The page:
Dark Metropolis: Irving Norman's Social Realism presents visions of urban hell by a West Coast artist (1906-1989) who used his art to enact social reforms. Born Isaac Noachowitz in Vilnius, Lithuania, Norman drew on his experience fighting fascism in the Abraham Lincoln Brigade during the Spanish Civil War to create highly detailed, monumental works that critique the inhumanity of war, the inequity of capitalism and the tyranny of the elite. Produced on the occasion of what would have been Irving Norman's 100th birthday, the exhibit features paintings that remain as poignant and relevant today as when they were first created. Meticulously patterned and vividly medieval, Norman's colossal paintings depict Big Brother worlds of swarming, clone-like figures encountering claustrophobic streets, jam-packed rush hours, random violence and abject poverty—urban panoramas that call to mind Los Angeles or Tokyo gone haywire. The show is curated by Scott Shields and is on tour from the Crocker Art Museum in Sacramento, California.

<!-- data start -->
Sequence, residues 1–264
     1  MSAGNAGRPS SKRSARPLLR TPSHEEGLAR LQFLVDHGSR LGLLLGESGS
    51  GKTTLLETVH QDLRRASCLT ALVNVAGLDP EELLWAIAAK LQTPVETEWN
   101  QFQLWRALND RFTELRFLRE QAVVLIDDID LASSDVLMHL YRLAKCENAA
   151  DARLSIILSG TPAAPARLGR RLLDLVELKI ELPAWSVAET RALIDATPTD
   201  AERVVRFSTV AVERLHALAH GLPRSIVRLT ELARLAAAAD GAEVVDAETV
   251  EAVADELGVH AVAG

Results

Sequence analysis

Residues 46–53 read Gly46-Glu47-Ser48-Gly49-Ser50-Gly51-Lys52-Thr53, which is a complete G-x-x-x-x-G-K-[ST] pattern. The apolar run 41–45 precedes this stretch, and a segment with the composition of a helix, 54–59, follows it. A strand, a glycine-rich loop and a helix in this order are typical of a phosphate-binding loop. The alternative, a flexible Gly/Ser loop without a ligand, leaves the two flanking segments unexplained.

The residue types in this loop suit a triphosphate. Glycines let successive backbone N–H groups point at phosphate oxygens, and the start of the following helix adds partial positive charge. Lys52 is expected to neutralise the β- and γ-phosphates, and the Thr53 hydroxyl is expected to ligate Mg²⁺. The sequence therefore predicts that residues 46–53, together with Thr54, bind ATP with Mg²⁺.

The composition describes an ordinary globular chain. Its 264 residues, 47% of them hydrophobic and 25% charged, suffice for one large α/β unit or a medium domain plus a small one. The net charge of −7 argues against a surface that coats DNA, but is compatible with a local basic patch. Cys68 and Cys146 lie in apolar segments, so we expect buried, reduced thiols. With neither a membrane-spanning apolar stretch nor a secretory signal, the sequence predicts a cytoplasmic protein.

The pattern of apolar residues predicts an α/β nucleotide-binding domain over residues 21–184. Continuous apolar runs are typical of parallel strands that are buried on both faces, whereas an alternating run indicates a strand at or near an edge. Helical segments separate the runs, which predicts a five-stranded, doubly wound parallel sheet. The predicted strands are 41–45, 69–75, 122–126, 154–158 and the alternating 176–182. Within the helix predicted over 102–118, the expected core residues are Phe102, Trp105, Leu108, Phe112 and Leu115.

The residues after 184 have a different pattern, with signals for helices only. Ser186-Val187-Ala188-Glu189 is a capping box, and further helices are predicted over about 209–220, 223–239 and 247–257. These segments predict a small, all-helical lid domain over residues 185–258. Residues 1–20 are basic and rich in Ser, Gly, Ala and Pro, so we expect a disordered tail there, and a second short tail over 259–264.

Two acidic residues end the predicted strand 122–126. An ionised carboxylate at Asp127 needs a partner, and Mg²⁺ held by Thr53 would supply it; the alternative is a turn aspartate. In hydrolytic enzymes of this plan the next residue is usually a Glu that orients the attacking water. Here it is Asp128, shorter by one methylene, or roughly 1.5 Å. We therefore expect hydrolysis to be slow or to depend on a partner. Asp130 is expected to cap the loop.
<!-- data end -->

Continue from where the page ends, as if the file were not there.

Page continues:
(Top left) Irving Norman From Work, 1978
Courtesy Fine Arts Museums of San Francisco
(Top right) Irving Norman Golden Calf 2, 1985
Courtesy collection of Martin Sosin